South Carolina lawmakers agreed to move the Confederate flag from atop the statehouse dome in Columbia in 2000 when they adopted the Heritage Act, which also required a two-thirds vote of the General Assembly to alter any historical monument or structure.
That standard has frustrated efforts to change building and street names on colleges and in communities across the state, but other than the city of Greenwood battling to remove “colored” from a plaque honoring World War I soldiers, the 21-year-old law had not been directly challenged in court.
That changed this week when the South Carolina Supreme Court, at the urging of Republican state Attorney General Alan Wilson, heard a lawsuit questioning the constitutionality of the Heritage Act’s General Assembly two-thirds supermajority vote requirement.
Wilson issued an opinion last July, finding the Heritage Act passes muster, but the supermajority requirement is questionable. In Wilson’s view, it should take only a simple majority vote to alter a monument or building name.
The entire law is unconstitutional claims the lawsuit filed by Columbia City Councilman Howard Duvall; former state Sen. Kay Patterson, D-Columbia; and Jennifer Pinckney, widow of late state Sen. Clementa Pinckney, D-Jasper, the pastor at Charleston’s Emanuel AME church killed with eight parishioners in 2015 by Dylan Roof.
The Heritage Act protects monuments from 10 wars and those honoring “any historic figure or historic event.”
During an hour-long hearing Wednesday in which “confederate” was never mentioned, several jurists on the five-justice panel raised questions about the law, including a provision that upholds the South Carolina Legislature’s power even if courts rule the two-thirds threshold is unconstitutional.
“If this lawsuit had been filed in the fall of 2000, I don’t think anybody would raise the question of ripeness. We’d simply be talking about whether or not the General Assembly can enact an unconstitutional statute,” Associate Justice John Cannon Few said. “They can’t. And when they do, it’s ripe.”
Few asked attorney Kenneth Moffitt, representing Senate President Sen. Harvey Peeler, R-Gaffney, whether it was the chamber’s position the two-thirds supermajority was constitutional.
When Moffitt said, “Yes,” Few replied, “What legal principle do we look to as to where to draw the line, because if two-thirds is proper, why not make it 80 percent? Why not make it 90 or 100 percent, and we’ll just elevate the statute far beyond what the constitution would ever require?”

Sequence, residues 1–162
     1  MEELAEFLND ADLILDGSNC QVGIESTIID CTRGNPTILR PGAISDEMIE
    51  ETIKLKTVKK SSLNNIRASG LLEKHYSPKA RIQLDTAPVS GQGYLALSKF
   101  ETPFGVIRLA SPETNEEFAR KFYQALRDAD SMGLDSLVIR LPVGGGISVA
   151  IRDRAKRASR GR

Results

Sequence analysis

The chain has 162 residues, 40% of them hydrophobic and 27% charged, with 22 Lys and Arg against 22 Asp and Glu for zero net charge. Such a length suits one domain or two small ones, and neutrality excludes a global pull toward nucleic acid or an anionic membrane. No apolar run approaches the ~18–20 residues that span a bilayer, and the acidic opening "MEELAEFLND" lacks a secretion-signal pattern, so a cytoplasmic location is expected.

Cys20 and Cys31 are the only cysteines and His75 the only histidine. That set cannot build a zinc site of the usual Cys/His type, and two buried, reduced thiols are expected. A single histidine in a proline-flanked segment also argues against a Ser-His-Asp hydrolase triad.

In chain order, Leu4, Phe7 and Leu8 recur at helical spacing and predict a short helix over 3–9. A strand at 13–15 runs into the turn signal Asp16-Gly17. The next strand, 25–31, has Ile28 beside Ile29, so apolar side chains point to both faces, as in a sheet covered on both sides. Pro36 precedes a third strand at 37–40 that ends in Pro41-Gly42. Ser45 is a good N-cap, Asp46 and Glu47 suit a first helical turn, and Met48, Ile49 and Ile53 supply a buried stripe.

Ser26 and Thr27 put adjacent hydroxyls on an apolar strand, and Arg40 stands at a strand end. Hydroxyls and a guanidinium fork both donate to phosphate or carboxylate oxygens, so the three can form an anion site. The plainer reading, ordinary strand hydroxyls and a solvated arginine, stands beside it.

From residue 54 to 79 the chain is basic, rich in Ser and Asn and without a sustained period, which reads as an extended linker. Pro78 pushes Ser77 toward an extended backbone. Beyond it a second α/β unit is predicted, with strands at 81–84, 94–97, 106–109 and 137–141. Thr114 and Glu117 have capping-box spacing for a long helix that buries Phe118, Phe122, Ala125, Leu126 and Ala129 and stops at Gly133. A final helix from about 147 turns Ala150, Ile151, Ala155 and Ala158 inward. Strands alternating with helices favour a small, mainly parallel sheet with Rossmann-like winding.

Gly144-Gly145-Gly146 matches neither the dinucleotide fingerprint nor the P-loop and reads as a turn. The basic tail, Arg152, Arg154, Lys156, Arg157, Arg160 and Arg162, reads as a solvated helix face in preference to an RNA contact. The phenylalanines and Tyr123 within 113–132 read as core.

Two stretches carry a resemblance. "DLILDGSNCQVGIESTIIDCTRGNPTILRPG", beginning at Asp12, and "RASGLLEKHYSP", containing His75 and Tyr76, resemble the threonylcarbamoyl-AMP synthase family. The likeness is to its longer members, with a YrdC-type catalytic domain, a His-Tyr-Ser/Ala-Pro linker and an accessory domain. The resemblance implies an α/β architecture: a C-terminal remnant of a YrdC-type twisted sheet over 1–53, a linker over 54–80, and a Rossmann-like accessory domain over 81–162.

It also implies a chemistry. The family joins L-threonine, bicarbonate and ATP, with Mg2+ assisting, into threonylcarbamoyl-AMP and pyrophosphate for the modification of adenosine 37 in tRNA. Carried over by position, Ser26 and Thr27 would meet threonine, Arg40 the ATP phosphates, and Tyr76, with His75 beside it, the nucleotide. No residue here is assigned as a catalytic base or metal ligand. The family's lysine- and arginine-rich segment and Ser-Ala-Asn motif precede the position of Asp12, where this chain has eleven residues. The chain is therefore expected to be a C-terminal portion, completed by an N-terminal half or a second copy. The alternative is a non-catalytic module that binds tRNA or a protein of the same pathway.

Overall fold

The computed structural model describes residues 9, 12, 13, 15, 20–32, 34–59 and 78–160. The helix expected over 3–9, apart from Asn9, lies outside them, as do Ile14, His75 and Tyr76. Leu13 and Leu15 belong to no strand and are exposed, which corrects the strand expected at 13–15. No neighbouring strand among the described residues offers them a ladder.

Attorneys for Duvall, Patterson and Pinckney said the three are personally vested because they or family members are “historic figures” under the law.
As a Columbia city councilman, Duvall argued the Heritage Act preempts local elected officials from making decisions about local memorials, statues and monuments.
Patterson maintains he, not state lawmakers, should be able to alter his own legacy marker in Round O, his birthplace. Pinckney makes the same claim regarding a memorial honoring her late husband in Marion County to be dedicated this summer.
Lawyers for Peeler and House Speaker Rep. Jay Lucas, R-Hartsville, countered that lawmakers were within their authority to pass the act in 2000 to “protect how South Carolina tells the story of its history and people.”
Chief Justice Don Beatty said it also is within lawmakers’ authority to resolve the legal questions now before the court, calling the litigation a failure to legislate.
“There are bills pending in both houses now, I do believe, that would accomplish getting rid of this statue, but it can’t get out of committee,” he said. “If it does not get out of committee, it will never get a vote, whether two-thirds or not.”
This article was originally posted on Justices question South Carolina’s supermajority mandate to remove monuments